Off you go now and have some fun with it! I very much look forward to reading your newspapers.


EXAMPLE KEY DATES

1900   Interpretation of Dreams

Sigmund Freud introduces his theory of psychoanalysis in The Interpretation of Dreams, the first of 24 books he would write exploring such topics as the unconscious, techniques of free association, and sexuality as a driving force in human psychology.

1913   Behaviorism

John B. Watson publishes "Psychology as Behavior," launching behaviorism. In contrast to psychoanalysis, behaviorism focuses on observable and measurable behavior.

1935   Alcoholics Anonymous

Alcoholics Anonymous (AA) is founded by Bob Smith of Akron, Ohio. AA's group meetings format and 12-step program become the model for many other mutual-support therapeutic groups.

Gestalt psychology

Kurt Koffka, a founder of the movement, publishes Principles of Gestalt Psychology in 1935. Gestalt (German for "whole" or "essence") psychology asserts that psychological phenomena must be viewed not as individual elements but as a coherent whole.

1946   The Psychoanalytic Treatment of Children

Anna Freud publishes The Psychoanalytic Treatment of Children, introducing basic concepts in the theory and practice of child psychoanalysis.

National Mental Health Act Passed

U.S. President Harry Truman signs the National Mental Health Act, providing generous funding for psychiatric education and research for the first time in U.S. history. This act leads to the creation in 1949 of the National Institute of Mental Health (NIMH).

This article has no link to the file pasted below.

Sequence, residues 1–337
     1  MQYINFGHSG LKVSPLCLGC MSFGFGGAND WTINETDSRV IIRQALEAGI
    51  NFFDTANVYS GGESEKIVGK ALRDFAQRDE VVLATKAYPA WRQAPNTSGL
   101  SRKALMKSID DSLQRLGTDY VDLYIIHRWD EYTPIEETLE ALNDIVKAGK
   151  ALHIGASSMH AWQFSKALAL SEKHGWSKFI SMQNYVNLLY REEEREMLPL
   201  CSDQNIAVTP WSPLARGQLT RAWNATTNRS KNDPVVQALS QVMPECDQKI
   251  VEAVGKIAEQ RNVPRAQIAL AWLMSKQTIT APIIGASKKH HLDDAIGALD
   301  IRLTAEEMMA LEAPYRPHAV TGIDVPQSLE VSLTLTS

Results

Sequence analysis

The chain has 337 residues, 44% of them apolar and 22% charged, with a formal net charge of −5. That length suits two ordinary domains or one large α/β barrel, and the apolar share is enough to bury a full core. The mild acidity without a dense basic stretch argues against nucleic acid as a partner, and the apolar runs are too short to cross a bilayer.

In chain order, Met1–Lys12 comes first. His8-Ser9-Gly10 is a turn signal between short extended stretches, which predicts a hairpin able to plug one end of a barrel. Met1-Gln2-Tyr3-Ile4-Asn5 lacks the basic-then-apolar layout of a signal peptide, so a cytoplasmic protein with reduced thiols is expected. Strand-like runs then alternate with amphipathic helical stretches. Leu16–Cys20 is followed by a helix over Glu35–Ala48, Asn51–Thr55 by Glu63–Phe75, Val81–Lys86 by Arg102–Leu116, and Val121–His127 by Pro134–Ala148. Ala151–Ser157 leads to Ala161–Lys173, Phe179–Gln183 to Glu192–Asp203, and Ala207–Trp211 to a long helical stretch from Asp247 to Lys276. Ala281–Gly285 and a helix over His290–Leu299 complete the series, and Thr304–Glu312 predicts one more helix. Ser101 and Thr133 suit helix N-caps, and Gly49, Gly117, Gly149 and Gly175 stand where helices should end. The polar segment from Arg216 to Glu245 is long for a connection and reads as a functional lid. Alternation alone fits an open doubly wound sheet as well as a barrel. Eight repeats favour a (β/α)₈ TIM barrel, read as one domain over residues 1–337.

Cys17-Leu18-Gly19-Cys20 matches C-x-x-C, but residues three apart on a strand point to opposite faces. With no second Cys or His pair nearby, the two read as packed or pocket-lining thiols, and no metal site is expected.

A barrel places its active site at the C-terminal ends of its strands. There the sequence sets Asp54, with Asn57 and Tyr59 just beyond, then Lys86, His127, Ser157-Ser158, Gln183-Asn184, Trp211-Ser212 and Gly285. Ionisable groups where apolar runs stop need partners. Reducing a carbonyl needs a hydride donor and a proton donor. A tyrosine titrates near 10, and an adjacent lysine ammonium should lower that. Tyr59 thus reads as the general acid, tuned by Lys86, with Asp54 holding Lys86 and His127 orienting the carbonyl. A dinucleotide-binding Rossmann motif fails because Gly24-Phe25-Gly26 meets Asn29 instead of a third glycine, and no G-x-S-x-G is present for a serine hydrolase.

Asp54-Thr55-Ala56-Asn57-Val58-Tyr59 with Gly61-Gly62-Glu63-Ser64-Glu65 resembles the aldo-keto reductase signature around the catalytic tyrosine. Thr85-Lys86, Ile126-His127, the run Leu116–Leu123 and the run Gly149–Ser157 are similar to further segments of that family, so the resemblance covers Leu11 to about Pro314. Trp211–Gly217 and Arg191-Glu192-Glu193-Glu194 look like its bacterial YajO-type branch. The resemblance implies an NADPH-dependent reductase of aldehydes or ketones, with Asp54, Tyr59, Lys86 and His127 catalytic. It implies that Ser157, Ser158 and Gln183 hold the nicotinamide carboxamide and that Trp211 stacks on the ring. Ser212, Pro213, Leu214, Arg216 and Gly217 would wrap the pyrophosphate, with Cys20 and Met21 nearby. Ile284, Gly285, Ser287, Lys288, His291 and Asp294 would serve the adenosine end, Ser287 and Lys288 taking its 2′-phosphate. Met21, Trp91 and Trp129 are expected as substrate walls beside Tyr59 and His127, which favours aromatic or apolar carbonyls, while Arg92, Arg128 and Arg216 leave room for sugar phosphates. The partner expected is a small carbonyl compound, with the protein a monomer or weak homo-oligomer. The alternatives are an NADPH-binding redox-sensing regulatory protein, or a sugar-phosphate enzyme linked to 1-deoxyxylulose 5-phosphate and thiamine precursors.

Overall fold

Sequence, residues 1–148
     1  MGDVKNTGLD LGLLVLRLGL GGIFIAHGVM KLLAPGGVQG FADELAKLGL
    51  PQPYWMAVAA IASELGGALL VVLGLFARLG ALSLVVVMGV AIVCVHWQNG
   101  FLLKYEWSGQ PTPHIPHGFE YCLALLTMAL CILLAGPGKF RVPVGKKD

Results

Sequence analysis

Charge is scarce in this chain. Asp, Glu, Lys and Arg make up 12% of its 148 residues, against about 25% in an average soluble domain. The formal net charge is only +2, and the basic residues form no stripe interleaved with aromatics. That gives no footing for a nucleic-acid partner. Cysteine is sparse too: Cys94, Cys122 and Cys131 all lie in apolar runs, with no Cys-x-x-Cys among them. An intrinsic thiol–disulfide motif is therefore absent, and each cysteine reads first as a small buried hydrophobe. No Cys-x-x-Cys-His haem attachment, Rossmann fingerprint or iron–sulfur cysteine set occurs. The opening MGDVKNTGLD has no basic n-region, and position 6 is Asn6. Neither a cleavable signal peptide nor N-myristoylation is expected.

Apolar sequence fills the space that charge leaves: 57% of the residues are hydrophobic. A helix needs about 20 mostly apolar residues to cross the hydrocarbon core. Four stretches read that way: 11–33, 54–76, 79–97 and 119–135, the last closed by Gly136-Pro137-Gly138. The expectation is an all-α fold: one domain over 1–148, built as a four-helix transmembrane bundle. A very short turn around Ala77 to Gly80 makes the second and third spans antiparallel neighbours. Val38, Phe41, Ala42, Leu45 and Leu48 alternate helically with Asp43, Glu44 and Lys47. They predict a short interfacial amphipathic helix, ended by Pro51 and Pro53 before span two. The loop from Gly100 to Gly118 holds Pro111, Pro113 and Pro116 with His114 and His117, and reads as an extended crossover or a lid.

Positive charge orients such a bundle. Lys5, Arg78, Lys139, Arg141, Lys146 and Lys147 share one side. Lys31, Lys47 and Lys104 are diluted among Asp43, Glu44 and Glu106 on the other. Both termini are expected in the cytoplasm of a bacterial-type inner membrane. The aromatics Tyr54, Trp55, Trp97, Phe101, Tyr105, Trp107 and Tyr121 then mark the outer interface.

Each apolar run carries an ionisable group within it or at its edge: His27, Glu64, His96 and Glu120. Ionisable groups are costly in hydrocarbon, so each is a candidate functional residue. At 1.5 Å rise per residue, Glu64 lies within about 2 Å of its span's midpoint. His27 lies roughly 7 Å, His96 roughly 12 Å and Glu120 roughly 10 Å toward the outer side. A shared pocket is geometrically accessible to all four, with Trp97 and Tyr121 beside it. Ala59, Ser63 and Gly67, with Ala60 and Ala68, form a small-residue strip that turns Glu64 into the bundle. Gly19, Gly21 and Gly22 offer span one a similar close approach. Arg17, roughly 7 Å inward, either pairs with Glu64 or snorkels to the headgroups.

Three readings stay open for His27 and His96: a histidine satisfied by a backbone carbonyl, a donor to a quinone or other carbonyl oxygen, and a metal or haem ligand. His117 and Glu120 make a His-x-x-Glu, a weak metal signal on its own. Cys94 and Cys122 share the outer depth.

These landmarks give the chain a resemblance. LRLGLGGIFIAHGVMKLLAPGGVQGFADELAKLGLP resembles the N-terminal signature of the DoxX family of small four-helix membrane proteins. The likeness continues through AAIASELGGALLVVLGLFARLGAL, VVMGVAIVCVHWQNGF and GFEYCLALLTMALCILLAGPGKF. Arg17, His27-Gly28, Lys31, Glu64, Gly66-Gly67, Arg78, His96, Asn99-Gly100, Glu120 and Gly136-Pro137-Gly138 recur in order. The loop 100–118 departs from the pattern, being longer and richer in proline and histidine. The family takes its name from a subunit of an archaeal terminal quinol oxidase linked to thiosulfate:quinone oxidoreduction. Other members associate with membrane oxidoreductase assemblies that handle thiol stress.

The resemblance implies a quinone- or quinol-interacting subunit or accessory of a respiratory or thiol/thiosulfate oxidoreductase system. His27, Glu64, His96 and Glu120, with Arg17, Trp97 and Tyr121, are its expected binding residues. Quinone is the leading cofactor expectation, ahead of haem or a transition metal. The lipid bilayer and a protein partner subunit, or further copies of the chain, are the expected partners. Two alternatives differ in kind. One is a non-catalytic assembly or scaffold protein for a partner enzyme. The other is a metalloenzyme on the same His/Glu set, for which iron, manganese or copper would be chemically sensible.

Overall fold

1954   The Nature of Prejudice

Social Psychologist Gordon Allport publishes The Nature of Prejudice, which draws on various approaches in psychology to examine prejudice through different lenses. It is widely read by the general public and influential in establishing psychology's usefulness in understanding social issues.

1973   Homosexuality removed from DSM

After intense debate, the American Psychiatric Association removes homosexuality from the Diagnostic and Statistical Manual of Mental Disorders (DSM). The widely used reference manual is revised to state that sexual orientation "does not necessarily constitute a psychiatric disorder."

1976   Evolutionary psychology

Richard Dawkins publishes The Selfish Gene, a work which shifts focus from the individual animal as the unit of evolution to individual genes themselves. The text popularizes the field of evolutionary psychology, in which knowledge and principles from evolutionary biology are applied in research on human brain structure.

1979   Standardized IQ tests found discriminatory

The U.S. District Court finds the use of standardized IQ tests in California public schools illegal. The decision in the case, Larry P. v. Wilson Riles, upholds the plaintiff's position that the tests discriminate against African American students.

1990   Cultural psychology

In Acts of Meaning, Four Lectures on Mind and Culture, Jerome Bruner helps formulate cultural psychology, an approach drawing on philosophy, linguistics, and anthropology. Refined and expanded by Hazel Markus and other researchers, cultural psychology focuses on the influences and relationship among mind, cultural community and behavior.

 2000  Sequencing of the Human Genome

Sixteen public research institutions around the world complete a "working draft" mapping of the human genetic code, providing a research basis for a new understanding of human development and disease. A similar, privately funded, project is currently underway.